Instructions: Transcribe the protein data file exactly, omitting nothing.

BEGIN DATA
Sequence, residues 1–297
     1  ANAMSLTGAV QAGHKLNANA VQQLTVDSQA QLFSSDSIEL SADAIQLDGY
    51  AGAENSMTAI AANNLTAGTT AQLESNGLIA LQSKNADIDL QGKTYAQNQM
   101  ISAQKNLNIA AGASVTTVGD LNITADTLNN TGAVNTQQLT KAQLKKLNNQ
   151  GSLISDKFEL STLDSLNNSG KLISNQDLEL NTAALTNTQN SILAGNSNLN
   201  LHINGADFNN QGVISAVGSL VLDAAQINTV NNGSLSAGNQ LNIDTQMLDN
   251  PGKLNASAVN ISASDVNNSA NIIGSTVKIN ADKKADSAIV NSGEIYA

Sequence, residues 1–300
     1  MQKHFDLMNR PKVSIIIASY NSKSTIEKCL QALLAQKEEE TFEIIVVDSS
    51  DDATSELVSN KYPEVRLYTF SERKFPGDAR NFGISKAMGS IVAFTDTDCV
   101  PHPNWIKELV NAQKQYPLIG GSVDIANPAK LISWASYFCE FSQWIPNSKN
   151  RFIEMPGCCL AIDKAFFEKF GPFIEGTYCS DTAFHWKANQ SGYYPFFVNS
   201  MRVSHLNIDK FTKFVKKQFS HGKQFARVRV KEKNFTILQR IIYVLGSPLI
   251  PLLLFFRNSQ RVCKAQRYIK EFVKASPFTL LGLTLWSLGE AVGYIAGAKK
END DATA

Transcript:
Sequence, residues 1–297
     1  ANAMSLTGAV QAGHKLNANA VQQLTVDSQA QLFSSDSIEL SADAIQLDGY
    51  AGAENSMTAI AANNLTAGTT AQLESNGLIA LQSKNADIDL QGKTYAQNQM
   101  ISAQKNLNIA AGASVTTVGD LNITADTLNN TGAVNTQQLT KAQLKKLNNQ
   151  GSLISDKFEL STLDSLNNSG KLISNQDLEL NTAALTNTQN SILAGNSNLN
   201  LHINGADFNN QGVISAVGSL VLDAAQINTV NNGSLSAGNQ LNIDTQMLDN
   251  PGKLNASAVN ISASDVNNSA NIIGSTVKIN ADKKADSAIV NSGEIYA

Sequence, residues 1–300
     1  MQKHFDLMNR PKVSIIIASY NSKSTIEKCL QALLAQKEEE TFEIIVVDSS
    51  DDATSELVSN KYPEVRLYTF SERKFPGDAR NFGISKAMGS IVAFTDTDCV
   101  PHPNWIKELV NAQKQYPLIG GSVDIANPAK LISWASYFCE FSQWIPNSKN
   151  RFIEMPGCCL AIDKAFFEKF GPFIEGTYCS DTAFHWKANQ SGYYPFFVNS
   201  MRVSHLNIDK FTKFVKKQFS HGKQFARVRV KEKNFTILQR IIYVLGSPLI
   251  PLLLFFRNSQ RVCKAQRYIK EFVKASPFTL LGLTLWSLGE AVGYIAGAKK